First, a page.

Apologies to songwriter Loudon Wainwright III, but there was a dead skunk in the middle of the road as I was driving through Central Texas last month. Also a dead skunk on the shoulder of the road, a dead skunk in the ditch, etc.
In fact, there were so many dead skunks that I began an informal and totally unscientific 70 mph census of the stinky critters that had met their demise along a 100-mile stretch of southbound U.S. 281. I counted 38 dead skunks on that measured stretch of asphalt.
I'm sure the count was conservative, as there were times I didn't have a good view of the ditches beside the oncoming lane. I did not count UFOs (unidentifiable furry objects), even those that were suspiciously black and white. I only counted fresh skunk carcasses; most of them looked no more than a day or two old.
Rounding off to the nearest whole number, my survey turned up one dead skunk per three highway miles. You're liable to see dead skunks along the highway any time of the year. Skunks are scavengers that often feed on other road kill and themselves become victims. This is not the first year I've noticed an elevated number of skunks along roadsides in February, however.
When I mentioned my survey to David Winkler, a Texas A&M Extension Service biologist in Bosque County, he said there were an unusual number of dead skunks alongside the road in February because Valentine's Day is the peak of the striped skunk breeding season.
Winkler's observation brought to mind two things. The first is an old country song about looking for love in all the wrong places. The second is Pepe LePew, the romantic cartoon skunk with a French accent who was forever trying to romance a chagrined black and white housecat.
If there are that many dead skunks, how many live skunks must there be? For that answer, I called Dr. Scott Henke, a scientist with the Caesar Kleberg Wildlife Research Institute in Kingsville. Henke has the dubious honor of being the institute's skunk authority and has just begun a suburban study of striped skunks in the Houston suburbs.
It's a smelly job, but somebody has to do it. Skunks transmit rabies, and the disease is a serious suburban problem. Henke plans to trap and equip as many skunks as possible with electronic collars. He will then track their movements.
Some of the skunks will probably contract rabies during the tracking study, and Henke hopes to see how the disease affects their movements.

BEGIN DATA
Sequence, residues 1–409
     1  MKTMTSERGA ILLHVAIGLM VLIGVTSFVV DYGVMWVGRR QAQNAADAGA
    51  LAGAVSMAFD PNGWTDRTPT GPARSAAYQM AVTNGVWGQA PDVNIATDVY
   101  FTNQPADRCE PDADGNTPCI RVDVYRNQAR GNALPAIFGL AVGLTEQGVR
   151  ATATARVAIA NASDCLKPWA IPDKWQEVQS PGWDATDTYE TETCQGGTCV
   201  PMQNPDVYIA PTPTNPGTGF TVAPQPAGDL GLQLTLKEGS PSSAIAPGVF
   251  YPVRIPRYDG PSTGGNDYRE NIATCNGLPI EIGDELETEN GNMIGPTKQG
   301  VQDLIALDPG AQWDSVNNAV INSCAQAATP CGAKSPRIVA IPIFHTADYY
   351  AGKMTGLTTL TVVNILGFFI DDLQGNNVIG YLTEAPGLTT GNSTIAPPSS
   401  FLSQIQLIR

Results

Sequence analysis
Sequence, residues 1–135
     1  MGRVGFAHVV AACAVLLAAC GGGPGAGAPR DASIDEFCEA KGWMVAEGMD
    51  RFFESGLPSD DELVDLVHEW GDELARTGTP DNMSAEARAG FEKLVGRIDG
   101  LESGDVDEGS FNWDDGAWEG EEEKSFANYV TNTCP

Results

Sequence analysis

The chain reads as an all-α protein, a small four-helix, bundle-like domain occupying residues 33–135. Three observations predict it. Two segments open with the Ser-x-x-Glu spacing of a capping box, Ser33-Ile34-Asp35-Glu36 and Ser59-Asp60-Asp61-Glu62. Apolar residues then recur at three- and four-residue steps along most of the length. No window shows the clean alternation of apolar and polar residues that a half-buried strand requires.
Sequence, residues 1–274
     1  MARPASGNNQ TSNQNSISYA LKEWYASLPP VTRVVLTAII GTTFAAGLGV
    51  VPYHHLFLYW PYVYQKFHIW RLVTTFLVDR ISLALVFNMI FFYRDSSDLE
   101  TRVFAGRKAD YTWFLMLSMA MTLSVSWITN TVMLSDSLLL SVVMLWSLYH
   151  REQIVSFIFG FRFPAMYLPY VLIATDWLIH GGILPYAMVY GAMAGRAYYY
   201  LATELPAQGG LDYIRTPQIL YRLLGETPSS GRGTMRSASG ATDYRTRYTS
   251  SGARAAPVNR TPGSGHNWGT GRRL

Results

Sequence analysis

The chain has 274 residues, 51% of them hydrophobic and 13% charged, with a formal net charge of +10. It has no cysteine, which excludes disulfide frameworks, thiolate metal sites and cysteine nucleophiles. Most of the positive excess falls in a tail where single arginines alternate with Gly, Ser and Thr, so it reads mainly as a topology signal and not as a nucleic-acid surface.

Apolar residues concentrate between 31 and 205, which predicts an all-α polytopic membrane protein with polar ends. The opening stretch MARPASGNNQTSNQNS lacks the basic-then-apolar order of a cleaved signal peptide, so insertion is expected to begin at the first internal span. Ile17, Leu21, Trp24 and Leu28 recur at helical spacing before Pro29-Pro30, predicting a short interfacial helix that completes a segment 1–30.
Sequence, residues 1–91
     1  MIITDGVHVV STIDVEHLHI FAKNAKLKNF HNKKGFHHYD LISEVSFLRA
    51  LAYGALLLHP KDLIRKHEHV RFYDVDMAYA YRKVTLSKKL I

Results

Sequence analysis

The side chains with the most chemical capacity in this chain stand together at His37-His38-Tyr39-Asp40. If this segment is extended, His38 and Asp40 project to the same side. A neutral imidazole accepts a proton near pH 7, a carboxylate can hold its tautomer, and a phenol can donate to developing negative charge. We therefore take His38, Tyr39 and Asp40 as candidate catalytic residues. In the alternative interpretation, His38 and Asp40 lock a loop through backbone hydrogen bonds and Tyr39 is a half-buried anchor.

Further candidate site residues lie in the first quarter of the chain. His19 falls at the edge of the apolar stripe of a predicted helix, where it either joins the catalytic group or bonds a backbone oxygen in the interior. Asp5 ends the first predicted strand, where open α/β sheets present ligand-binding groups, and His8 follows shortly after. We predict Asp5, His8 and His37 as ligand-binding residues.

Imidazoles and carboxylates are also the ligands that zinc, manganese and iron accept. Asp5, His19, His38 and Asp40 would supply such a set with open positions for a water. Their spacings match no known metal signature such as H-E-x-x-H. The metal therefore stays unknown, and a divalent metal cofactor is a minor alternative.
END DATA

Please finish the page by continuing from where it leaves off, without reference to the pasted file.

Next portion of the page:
"We don't know how many skunks are out there, but one study identified as many as 36 skunks per section (40 acres) of land," said Henke. "The population is obviously higher in areas with good habitat and plenty of food. Skunks don't mind living in close proximity to people, and they thrive in the suburbs."
People, on the other hand, do mind living in close proximity to skunks, which are notorious as one of the few mammals able to defend themselves with chemical warfare. The skunk's scent glands are overpowering, the viscous spray capable of traveling 20 feet. The spray is far more irritating when delivered on target than when you get a whiff while traveling at high speed past a road-killed skunk.
The chemical defense is apparently effective against everything but speeding cars. Skunks have been around for at least 58 million years. Their worst animal enemies, aside from humans, are great horned owls (which have no sense of smell) and coyotes, which will eat anything.
Unless you stumble too near a skunk in the dark, or unknowingly hem one up in your garage or outside storage building, the odds are slim that a person will take a direct hit. Dogs are another issue.
If your pet tangles with a skunk, you can bathe the dog with tomato juice or with a mixture of hydrogen peroxide, baking soda and dishwashing soap. Either will remove most of the odor. Otherwise, the acrid stench will take awhile to wear off.
"Pet owners should make certain their animals are vaccinated for rabies," Henke said. "There's very little chance that a person will come in contact with a rabid skunk, but dogs often fight with skunks. As long as they're vaccinated, they'll be OK."
Henke hopes his research will open the door for a rabies vaccination program for skunks such as the one that's been successful for South Texas coyotes. Oral vaccines in bait are dropped from the air. Coyotes eat the bait and are vaccinated against rabies.